A Project of The Annenberg Public Policy Center

Campaigning on Single Payer?


 On “Meet the Press” on June 28, former presidential candidate and Massachusetts Gov. Mitt Romney falsely claimed that President Obama had called for a “single-payer” health care system on the campaign trail:

Romney: President Obama, when he was campaigning, said he wanted a single-payer system.

We debunked this falsehood when Sen. John McCain said it during the third presidential debate. McCain claimed that “as he said, his object is a single payer system.” But as a presidential candidate, Obama didn’t say that at all. And the plan he proposed wasn’t a single-payer system, one in which everyone is covered by health insurance through the government. As we said in our Oct. 16 article, Obama said at a town hall meeting in Albuquerque last summer that a single payer system would “probably” be his first choice “if” he were “designing a system from scratch.” But instead, he said, his “attitude is let’s build up the system we got, let’s make it more efficient, we may be over time – as we make the system more efficient and everybody’s covered – decide that there are other ways for us to provide care more effectively.”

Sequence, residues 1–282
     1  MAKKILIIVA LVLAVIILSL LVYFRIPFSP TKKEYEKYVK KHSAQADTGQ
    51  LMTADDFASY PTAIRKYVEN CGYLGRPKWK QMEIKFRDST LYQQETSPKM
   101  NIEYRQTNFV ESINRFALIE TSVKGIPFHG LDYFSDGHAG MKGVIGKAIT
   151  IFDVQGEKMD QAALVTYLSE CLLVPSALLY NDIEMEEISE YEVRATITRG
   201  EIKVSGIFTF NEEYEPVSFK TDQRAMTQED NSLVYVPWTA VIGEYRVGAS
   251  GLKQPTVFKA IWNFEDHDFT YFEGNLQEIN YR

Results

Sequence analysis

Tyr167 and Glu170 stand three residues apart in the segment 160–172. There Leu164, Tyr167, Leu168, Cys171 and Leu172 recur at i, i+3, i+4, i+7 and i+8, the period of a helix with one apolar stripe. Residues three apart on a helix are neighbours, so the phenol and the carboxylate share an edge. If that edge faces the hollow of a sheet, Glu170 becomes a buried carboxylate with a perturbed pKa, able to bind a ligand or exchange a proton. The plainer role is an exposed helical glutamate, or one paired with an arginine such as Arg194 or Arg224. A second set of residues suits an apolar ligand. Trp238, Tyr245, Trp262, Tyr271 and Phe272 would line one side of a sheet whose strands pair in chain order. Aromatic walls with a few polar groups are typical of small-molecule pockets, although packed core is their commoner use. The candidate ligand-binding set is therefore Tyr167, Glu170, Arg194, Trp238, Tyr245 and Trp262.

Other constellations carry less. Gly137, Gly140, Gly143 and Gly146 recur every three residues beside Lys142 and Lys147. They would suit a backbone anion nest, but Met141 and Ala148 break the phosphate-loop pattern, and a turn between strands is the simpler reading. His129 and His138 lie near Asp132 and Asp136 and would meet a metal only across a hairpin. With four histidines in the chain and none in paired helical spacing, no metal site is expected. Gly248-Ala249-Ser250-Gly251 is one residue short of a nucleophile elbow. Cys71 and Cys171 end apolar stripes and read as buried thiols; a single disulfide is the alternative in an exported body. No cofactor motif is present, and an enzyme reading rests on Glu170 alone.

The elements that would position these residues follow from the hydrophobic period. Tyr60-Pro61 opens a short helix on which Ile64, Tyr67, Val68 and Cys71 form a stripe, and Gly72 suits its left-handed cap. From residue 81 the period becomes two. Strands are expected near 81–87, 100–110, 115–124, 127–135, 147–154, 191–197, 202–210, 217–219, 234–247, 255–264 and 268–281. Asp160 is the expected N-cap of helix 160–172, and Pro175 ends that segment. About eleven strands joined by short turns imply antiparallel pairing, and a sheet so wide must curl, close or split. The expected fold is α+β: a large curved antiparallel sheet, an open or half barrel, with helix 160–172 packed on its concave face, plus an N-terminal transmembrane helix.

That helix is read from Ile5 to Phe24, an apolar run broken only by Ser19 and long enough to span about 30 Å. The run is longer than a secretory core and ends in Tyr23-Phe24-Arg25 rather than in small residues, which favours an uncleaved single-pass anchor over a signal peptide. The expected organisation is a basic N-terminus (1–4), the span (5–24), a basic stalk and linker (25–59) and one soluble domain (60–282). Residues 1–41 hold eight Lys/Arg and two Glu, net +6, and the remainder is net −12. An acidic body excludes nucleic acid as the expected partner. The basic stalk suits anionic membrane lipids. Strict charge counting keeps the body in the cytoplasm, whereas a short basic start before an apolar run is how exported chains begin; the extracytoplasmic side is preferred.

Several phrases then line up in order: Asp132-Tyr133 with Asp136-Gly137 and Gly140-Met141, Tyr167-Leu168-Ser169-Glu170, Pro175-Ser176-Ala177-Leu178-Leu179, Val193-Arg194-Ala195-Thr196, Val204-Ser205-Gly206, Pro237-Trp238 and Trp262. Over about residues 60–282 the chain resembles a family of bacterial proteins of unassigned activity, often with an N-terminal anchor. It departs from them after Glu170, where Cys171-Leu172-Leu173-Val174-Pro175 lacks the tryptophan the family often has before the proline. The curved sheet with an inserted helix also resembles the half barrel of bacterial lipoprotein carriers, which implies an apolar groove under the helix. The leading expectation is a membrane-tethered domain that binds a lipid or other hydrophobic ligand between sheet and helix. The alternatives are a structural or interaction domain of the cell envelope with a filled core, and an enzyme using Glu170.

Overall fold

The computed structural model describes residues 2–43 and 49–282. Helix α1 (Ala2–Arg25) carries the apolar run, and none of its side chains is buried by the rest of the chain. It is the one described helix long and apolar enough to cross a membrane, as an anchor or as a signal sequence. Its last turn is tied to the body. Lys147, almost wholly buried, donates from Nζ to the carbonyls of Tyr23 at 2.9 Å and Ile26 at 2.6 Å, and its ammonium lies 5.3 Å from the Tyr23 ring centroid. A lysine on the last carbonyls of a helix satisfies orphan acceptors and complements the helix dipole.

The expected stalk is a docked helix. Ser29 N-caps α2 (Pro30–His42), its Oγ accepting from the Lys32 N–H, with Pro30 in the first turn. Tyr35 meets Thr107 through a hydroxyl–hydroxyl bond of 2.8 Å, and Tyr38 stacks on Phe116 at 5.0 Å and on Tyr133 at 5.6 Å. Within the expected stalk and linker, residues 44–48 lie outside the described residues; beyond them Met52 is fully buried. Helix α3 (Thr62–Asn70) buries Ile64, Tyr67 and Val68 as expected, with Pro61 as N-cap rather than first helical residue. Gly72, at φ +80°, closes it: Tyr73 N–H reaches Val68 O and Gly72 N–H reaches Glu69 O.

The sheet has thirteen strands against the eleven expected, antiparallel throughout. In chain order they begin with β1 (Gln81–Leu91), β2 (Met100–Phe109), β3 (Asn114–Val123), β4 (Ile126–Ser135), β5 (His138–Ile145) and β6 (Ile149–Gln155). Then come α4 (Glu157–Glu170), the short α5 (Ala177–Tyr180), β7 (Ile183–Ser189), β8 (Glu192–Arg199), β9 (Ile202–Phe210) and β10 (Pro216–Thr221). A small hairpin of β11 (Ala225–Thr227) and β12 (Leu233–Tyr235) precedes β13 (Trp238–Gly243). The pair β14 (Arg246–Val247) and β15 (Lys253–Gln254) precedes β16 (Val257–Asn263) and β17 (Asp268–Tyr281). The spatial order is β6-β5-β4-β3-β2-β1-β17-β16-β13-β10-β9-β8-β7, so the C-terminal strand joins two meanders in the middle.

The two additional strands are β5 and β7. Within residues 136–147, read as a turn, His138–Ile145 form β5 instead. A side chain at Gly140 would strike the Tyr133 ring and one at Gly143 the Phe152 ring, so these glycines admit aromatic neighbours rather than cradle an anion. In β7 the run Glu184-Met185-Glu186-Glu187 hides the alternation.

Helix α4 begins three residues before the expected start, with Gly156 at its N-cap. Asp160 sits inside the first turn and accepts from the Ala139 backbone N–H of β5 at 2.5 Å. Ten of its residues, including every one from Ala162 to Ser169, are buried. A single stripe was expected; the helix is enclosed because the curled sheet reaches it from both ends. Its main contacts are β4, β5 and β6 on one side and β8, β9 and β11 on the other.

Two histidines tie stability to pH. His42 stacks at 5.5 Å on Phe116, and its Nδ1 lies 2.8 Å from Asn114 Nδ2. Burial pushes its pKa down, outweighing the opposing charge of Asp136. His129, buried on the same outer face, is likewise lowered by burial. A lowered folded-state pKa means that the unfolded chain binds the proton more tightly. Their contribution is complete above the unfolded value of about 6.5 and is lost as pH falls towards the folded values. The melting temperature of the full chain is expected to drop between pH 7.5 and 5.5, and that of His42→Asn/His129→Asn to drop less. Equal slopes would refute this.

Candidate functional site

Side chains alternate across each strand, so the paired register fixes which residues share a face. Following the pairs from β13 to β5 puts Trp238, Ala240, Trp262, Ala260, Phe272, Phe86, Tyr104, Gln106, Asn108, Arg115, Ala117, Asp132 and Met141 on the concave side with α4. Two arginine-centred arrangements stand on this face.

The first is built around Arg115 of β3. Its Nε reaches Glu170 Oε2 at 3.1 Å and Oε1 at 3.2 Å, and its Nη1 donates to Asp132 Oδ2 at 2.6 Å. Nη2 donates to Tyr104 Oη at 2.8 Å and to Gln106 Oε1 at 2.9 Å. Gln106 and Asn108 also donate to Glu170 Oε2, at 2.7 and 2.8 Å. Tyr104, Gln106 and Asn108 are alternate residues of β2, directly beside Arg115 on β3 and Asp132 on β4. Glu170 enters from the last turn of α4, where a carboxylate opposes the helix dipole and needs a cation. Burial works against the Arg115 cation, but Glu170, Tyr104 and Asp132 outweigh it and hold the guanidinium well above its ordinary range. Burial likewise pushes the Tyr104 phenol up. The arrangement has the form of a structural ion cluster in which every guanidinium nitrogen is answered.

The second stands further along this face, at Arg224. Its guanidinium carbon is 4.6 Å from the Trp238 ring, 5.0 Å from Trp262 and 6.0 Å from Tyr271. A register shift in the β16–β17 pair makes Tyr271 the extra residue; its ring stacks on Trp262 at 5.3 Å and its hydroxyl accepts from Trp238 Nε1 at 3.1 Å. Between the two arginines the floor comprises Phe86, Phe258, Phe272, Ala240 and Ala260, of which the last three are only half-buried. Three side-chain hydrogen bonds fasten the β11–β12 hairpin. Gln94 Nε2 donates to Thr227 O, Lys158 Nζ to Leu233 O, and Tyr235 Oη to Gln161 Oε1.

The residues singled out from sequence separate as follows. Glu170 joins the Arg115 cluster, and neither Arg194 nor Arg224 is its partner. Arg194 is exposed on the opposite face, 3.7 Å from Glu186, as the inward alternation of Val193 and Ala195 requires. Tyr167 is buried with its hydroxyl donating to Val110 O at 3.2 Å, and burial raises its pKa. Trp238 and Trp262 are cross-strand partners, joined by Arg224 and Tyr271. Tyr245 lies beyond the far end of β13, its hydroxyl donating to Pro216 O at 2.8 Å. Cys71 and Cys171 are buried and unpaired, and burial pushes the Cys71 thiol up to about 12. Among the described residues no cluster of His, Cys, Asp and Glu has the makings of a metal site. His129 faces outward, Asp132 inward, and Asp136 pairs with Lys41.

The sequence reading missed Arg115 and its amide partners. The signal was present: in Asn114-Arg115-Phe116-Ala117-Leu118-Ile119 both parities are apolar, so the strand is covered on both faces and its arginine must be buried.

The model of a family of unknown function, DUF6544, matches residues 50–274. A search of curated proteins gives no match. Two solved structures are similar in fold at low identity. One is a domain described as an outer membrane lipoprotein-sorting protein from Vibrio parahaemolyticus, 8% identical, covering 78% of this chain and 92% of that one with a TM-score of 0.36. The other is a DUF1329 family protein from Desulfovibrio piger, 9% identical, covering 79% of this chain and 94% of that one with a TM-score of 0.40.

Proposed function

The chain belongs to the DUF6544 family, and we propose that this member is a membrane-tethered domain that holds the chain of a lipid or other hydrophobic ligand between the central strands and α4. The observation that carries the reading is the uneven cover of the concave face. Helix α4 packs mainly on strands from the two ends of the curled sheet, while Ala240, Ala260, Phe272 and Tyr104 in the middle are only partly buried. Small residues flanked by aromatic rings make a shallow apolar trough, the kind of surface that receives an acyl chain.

Six years ago, Obama did say at an AFL-CIO forum that he was “a proponent of a single-payer universal health care program.” But that was 2003, and that’s not what he campaigned on as a presidential candidate. He has recently taken heat from single-payer advocates for not including them in discussions about overhauling the health care system.

At a May 14 town hall in Rio Rancho, New Mexico, the president was asked why a single-payer plan had been taken off the table. His response was similar to what he had said while campaigning:

Obama, May 14: If I were starting a system from scratch, then I think that the idea of moving towards a single-payer system could very well make sense. That’s the kind of system that you have in most industrialized countries around the world.

The only problem is that we’re not starting from scratch. We have historically a tradition of employer-based health care. And although there are a lot of people who are not satisfied with their health care, the truth is, is that the vast majority of people currently get health care from their employers and you’ve got this system that’s already in place. We don’t want a huge disruption as we go into health care reform where suddenly we’re trying to completely reinvent one-sixth of the economy.

So what I’ve said is, let’s set up a system where if you already have health care through your employer and you’re happy with it, you don’t have to change doctors, you don’t have to change plans — nothing changes. If you don’t have health care or you’re highly unsatisfied with your health care, then let’s give you choices, let’s give you options, including a public plan that you could enroll in and sign up for. That’s been my proposal.